or rattling. The principal object of the present
invention is to provide a very simple and reliable
support for such capacitors whereby they may be
mounted in the desired position of use with no
danger that they will escape or rattle during use,
and permissively in either of two selected positions wherein respectively the terminals extend
in opposite directions, the support being of such
design that the capacitor may be introduced and
removed without recourse to the use of special
tools or the exercise of any particular skill. Other
and further objects and advantages of the in
vention will be pointed out in the following more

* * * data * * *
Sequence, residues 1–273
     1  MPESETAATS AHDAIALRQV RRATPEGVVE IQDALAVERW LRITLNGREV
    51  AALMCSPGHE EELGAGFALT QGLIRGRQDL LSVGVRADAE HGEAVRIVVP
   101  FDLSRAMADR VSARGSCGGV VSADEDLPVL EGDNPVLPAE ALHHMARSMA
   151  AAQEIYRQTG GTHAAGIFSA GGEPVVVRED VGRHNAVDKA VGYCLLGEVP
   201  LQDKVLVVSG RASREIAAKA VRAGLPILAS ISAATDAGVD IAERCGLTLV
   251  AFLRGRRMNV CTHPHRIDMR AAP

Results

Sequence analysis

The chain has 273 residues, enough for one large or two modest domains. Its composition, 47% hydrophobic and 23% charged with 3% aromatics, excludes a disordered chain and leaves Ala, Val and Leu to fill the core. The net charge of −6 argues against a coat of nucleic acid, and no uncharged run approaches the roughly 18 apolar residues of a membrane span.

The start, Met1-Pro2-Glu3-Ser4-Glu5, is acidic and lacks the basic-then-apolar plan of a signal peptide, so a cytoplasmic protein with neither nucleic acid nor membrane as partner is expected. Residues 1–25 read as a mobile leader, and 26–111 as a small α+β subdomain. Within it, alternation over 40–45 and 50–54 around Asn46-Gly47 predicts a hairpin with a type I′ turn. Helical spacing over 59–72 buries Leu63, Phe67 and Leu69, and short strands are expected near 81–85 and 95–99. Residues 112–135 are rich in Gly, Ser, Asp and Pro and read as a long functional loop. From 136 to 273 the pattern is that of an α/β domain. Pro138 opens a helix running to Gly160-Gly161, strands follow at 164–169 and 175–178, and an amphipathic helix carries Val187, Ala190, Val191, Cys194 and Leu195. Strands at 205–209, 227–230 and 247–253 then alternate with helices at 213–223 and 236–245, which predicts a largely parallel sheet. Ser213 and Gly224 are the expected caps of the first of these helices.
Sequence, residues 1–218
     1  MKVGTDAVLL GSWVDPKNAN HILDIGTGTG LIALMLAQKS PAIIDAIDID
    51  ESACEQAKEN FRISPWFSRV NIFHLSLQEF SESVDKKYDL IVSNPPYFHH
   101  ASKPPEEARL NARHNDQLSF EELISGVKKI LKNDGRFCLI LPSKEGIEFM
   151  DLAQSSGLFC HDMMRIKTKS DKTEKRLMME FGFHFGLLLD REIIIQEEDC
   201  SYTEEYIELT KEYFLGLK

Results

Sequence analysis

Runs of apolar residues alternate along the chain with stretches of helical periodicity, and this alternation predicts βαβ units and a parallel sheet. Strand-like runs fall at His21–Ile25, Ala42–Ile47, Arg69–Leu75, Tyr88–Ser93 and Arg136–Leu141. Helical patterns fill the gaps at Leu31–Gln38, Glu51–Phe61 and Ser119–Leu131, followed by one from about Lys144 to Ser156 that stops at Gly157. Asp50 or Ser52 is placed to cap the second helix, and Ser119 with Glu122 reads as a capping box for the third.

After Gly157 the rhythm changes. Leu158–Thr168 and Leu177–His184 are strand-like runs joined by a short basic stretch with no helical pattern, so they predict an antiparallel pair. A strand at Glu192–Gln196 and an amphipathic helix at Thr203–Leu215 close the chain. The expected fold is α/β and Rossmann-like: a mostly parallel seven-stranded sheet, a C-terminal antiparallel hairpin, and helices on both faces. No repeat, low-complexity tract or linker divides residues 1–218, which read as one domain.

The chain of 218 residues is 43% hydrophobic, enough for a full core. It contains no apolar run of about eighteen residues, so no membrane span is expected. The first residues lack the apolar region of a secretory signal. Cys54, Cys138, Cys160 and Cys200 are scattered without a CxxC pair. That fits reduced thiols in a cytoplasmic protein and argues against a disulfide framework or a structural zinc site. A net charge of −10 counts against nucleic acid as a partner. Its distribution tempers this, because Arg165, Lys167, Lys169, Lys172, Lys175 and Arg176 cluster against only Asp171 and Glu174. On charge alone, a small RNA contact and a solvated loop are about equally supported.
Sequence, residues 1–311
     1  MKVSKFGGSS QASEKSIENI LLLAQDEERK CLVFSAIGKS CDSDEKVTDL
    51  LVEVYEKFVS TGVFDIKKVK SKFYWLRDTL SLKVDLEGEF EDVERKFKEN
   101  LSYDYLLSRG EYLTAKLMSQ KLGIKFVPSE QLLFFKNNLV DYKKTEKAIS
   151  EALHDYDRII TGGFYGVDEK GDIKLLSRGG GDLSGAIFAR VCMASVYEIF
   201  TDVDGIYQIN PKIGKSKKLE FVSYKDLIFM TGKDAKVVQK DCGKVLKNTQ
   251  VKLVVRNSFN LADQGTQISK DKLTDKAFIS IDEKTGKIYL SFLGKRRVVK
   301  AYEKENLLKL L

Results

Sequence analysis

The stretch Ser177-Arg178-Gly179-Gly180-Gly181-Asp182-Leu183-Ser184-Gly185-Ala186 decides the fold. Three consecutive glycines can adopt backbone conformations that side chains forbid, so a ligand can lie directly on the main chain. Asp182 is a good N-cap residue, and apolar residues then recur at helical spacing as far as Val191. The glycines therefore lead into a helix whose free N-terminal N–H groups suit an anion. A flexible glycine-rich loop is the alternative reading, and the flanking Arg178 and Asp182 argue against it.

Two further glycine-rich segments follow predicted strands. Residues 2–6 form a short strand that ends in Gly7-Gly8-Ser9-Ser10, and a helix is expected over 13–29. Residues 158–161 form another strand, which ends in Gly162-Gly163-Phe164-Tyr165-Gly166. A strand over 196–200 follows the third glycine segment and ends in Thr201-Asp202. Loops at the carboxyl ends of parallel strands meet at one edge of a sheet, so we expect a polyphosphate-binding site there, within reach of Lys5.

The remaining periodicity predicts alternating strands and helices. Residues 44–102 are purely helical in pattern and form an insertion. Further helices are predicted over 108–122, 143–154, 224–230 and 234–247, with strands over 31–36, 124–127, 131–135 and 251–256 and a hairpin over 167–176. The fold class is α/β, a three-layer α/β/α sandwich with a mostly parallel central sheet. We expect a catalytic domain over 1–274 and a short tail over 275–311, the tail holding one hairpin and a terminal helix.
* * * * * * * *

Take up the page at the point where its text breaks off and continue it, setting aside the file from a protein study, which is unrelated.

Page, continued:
detailed description and by reference to the ac
condenser plates (not shown) enclosed within the
casing of the capacitor. This casing is usually
of sheet metal and has a smooth, hard outer
surface and its edges and corners are smoothly
rounded.
The bracket I 2 (Figs. 1 to 5) in accordance with
the present invention, is preferably made from a
strip or ribbon of sti?‘ly resilient sheet metal, for
example
steel. This length of ribbon is bent so
,
as to form the substantially flat rectangular bot
tom member I3 (Fig. 3) and the substantially
parallel legs I4 and i5 (Fig. 1), the bracket thus
being of general U-shape. At their lower por
tions the legs I4 and I5 are substantially ?at and
40 rectangular in transverse section, as shown at
I‘! and I8 (Fig. 3). These lower parts of the
legs are integrally joined to the end member I3
and preferably incline toward each other to a